The kriged estimate is obtained by ordinary kriging

results is the unbiasedness condition where

j *e*i . 0.

if the spatial mean is constant or by universal krig-

1

ing if the spatial mean is not stationary. A reason-

able criterion for selecting a theoretical variogram

would be to minimize the squared errors, j *e*i ,

2

(3) As indicated in Chapter 2, if probabilistic

with respect to the variogram parameters. How

statements concerning an actual value of *Z *at an

ever, unlike ordinary least-squares regression,

unmeasured location are to be made relative to the

which also minimizes the sum of squared errors,

kriged estimate and the kriging variance at the

simply minimizing the squared errors is not suffi-

location, it is necessary to explore the distribution

cient for kriging because the resulting model can

of the cross-validation kriging errors. In particu-

~

yield highly biased estimates of the kriging vari-

lar, it is desirable that the reduced errors, *e*i

ances, Fk (*x*i) , where Fk (*x*i) is the kriging vari-

=1,2...,*n*, are approximately normally distributed

ance at location *x*i. This simple minimization

with mean 0 and variance 1. A histogram or nor-

would give unrealistic measures of the accuracy of

mal probability plot of the reduced kriging errors

the kriging estimates. To guard against such bias,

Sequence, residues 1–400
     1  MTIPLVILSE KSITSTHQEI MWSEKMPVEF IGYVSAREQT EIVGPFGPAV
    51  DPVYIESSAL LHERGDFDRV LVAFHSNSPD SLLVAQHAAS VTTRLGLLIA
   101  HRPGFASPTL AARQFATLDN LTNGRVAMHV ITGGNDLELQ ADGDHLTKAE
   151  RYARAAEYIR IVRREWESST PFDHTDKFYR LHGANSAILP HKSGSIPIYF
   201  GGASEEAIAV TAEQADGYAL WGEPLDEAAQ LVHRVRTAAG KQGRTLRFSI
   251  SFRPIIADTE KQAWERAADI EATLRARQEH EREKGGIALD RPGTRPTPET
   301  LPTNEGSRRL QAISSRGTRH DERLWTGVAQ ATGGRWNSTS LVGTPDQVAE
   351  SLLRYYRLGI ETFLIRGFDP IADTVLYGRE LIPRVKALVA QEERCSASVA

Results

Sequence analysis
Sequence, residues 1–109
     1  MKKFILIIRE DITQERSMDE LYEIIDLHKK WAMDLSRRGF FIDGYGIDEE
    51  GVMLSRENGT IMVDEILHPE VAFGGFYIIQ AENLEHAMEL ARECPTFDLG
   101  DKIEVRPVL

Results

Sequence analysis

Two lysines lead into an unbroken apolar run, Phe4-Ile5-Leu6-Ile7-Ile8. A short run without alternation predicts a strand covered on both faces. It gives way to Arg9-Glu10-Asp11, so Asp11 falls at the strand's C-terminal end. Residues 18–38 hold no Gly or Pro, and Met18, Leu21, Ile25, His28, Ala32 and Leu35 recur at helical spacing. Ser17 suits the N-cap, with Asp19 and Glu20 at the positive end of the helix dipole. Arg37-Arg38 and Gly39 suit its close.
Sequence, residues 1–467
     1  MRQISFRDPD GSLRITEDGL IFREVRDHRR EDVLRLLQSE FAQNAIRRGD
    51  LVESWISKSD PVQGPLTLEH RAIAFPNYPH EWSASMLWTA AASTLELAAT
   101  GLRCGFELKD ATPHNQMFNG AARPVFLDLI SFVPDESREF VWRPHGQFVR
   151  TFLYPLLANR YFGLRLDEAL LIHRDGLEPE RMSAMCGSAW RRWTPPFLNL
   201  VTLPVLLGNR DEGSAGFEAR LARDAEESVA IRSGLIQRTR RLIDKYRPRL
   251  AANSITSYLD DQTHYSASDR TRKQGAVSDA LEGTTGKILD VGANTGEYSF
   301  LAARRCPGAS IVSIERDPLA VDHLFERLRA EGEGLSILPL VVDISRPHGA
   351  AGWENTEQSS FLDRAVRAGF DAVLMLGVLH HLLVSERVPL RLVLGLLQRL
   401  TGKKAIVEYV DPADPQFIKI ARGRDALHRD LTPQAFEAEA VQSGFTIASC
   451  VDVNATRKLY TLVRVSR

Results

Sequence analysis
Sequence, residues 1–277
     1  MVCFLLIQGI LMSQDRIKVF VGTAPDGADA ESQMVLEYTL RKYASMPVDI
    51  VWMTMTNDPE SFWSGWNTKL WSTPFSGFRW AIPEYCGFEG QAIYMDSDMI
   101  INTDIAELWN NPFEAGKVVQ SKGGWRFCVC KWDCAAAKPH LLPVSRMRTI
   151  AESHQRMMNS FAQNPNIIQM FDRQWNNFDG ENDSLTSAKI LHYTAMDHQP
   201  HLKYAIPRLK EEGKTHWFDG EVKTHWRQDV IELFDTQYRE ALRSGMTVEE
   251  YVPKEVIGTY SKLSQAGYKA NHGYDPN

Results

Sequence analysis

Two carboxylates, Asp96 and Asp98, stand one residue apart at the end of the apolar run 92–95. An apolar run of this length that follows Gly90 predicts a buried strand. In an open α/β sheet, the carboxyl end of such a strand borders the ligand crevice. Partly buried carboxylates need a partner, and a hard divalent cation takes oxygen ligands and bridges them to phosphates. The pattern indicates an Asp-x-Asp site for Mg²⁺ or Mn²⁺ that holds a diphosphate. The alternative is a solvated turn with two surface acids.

can be used to assess the validity of assuming a

an expression for the square of a reduced kriging

standard normal distribution for the reduced krig-

error is defined:

ing errors. Additionally, if the distribution of

reduced kriging errors can be assumed to be stan-

2

dard normal, outliers not detected using the method

2

(4-4)

=

~

discussed in section 4-7 may be detected by com-

FK

(*x *)

paring the absolute values of the reduced kriging

errors to quantiles of the standard normal

distribution.

where the kriging variances are computed using

either Equation 2-36 or 2-47. If the kriging vari-

(4) Using the Saratoga data, a spherical vario-

ance is an unbiased estimate of the true mean-

gram was fitted to the refined sample variogram of

squared error of estimate, then the reduced kriging

the residuals. The estimated nugget was about

errors would have an average near one. Therefore,

1.49 m2, the sill was 133.8 m2, and the range was

the standard cross-validation procedure for evalu-

about 48 km. Because of difficulty in determining

ating a theoretical variogram is:

an exact extrapolated value for the nugget, the

value of 1.49 m2 was selected based on an esti-

0.5

j *e*i

mated measurement error related to obtaining

1

2

min

water levels at the well depths in the Saratoga

(4-5)

valley.

0.5

j *e*i

1

~2

(5) After two iterations using drift residuals,

.1

subject to

as described in section 4-7, a final variogram was

chosen with a nugget of 1.49 m2, a sill of 148.6 m2,

and a range of 44.8 km (Figure 4-7). These

(2) The expression to be minimized is called

parameters defined the theoretical variogram used

the kriging root-mean-squared error and the con-

to obtain the cross-validation errors using univer-

straint is called the reduced root-mean-squared

sal kriging with an assumed linear drift. The best

error. The reduced root-mean-squared error

combination of statistics that could be obtained

should be well within the interval having endpoints

after several attempts at refining the model were a

2

2

root-mean-squared error of 3.45 m and a reduced

1% 2

and 1 & 2

(Delhomme

root-mean-squared error of 0.5794. The

1978). An additional check on the cross-validation

4-15

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